While these artists update old material in new ways, others adopt hip hop elements to breathe new life into ancient methods of art making. A hip hop-infused realm of street art and tagging is visible in the landscape interventions of artists such as Nicholas Galanin and Cheryl L’Hirondelle. Galanin’s Indian Petroglyph (2012) series is composed of photos of the Cleveland Indian’s baseball team logo carved into rocks in Alaska and similarly remote locations. Like 9th C. Buddhist rock carvings in China, these interventions will endure for thousands of years — and perhaps puzzle future discoverers unfamiliar with the logo or its athletic/ethnographic connotations.
In a more ephemeral landmark also documented through photographs, L’Hirondelle placed rocks along the side of the TransCanada highway to spell out Cree syllabics reading, “wapahta ôma iskonikan asky” (“look at this leftover (strip) of land”). “uronndnland (wapahta ôma iskonikan askiy)” (2004) creates a potent reminder of the land’s troubling record of ownership. Having travelled this particular stretch of highway countless times, I can attest to the popular practice of people using rocks to spell out names, phrases, and couples’ initials circled in hearts along the grassy embankments. It’s the road side equivalent of scrawling your name on a bathroom stall door. L’Hirondelle’s intervention takes on a particularly stark resonance among the vestiges of more trivial, superficial monuments to identity.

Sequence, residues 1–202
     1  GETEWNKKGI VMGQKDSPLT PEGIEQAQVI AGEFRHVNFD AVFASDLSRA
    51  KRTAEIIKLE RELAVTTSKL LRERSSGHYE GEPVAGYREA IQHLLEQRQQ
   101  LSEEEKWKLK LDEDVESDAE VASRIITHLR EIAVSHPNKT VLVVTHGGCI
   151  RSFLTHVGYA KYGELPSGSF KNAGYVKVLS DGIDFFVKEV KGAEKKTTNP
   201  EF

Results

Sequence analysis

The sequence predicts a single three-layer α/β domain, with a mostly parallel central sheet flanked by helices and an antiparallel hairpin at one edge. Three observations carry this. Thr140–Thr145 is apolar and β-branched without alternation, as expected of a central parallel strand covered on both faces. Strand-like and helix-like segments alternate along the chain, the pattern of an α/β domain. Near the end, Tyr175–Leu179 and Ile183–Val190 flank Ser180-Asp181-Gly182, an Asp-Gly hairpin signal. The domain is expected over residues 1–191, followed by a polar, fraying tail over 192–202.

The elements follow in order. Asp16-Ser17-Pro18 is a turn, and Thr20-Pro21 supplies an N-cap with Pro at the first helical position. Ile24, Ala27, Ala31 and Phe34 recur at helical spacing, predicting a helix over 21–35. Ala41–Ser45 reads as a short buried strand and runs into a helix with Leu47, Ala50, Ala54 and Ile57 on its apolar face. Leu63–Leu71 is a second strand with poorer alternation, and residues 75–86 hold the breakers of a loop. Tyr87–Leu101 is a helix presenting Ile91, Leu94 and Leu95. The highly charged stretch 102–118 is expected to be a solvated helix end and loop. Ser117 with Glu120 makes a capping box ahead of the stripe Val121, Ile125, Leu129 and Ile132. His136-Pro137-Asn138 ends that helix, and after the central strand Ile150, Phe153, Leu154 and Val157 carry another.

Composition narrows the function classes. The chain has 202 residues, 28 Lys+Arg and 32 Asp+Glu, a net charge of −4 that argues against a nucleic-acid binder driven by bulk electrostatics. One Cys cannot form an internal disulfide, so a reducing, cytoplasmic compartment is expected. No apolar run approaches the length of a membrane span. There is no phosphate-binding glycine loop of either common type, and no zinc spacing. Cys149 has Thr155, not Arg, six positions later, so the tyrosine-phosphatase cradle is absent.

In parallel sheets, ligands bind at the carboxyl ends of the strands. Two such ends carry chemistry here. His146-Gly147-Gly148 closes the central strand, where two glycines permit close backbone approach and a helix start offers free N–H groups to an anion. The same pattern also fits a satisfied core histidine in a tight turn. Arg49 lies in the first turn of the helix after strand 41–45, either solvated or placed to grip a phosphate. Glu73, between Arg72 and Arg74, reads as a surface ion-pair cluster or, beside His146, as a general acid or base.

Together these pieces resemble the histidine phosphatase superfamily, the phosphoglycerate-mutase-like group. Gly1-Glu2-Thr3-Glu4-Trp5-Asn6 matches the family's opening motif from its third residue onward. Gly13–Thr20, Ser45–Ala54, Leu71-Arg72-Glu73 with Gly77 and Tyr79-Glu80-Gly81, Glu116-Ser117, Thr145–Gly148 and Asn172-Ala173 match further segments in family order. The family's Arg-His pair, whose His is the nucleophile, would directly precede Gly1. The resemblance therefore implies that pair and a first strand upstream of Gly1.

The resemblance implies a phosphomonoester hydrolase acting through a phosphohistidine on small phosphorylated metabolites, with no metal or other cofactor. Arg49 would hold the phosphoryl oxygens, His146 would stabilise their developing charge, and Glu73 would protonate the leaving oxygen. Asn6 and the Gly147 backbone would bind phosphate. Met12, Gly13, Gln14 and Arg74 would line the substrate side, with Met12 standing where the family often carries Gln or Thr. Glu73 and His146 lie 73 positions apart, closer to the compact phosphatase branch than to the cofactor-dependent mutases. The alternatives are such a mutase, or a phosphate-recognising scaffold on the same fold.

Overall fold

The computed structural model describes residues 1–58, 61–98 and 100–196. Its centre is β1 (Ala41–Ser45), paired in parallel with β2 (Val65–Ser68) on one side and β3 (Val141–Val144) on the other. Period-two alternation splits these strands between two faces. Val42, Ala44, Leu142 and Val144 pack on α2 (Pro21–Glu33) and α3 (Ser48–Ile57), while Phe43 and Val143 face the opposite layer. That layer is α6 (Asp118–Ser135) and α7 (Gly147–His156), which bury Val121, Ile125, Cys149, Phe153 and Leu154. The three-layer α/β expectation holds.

Other artists in Beat Nation put an unconventional twist on contemporary objects. KC Adams, an Ojibway/Cree artist based in Winnipeg, covers iPod cords and other Apple paraphernalia and accessories with traditional beadwork. Works like “Power Peyote Stitch” (2011) (a MacBook Pro electric cord beaded to appear like a glistening white snake), “iPod Holder” (2006), and “iPad is Cree Floral” (2011) reference the artist’s own self-identification as a hybrid individual in contemporary society.
Jordan Bennett is similarly innovative in transforming objects across both divides, carving skateboards decks into snowshoes in “Jilaqami’g no’show: (2009) and moose antlers into skateboard trucks with “Marrow Truck Co.” (2008). His piece de résistance, however, is “Turning Tables” (2010), a fully functioning turntable composed entirely of walnut, oak, and spruce wood. The audio recording of Bennett learning his native Mi’kmaq language plays alongside the grainy sounds of the needlepoint tracing the rotating tree rings of the wood record.
Beat Nation arrives at a fitting moment given the recent advent of the Idle No More movement. Canada’s First Nations, Métis, and Inuit communities have taken a public stand against the federal government to protest ongoing treaty rights violations, demand a reframing of their relationship with the government, and bring awareness to environmental and sovereignty issues. While Beat Nation does not specifically address these current political developments, threads related to these issues run throughout the show. For Canadians like me, accustomed to hearing news related to First Nations via mainstream media, Beat Nation offers an extraordinary opportunity to directly engage with voices in the contemporary Aboriginal art community. These artists navigate the difficult terrain of cultural appropriation, both past and present, and Beat Nation’s triumph lies in the artists’ success in negotiating this slippery, complicated realm in innovative yet meaningful ways.
Beat Nation: Art, Hip Hop and Aboriginal Culture continues at The Power Plant (231 Queens Quay West, Toronto, Canada) through May 5.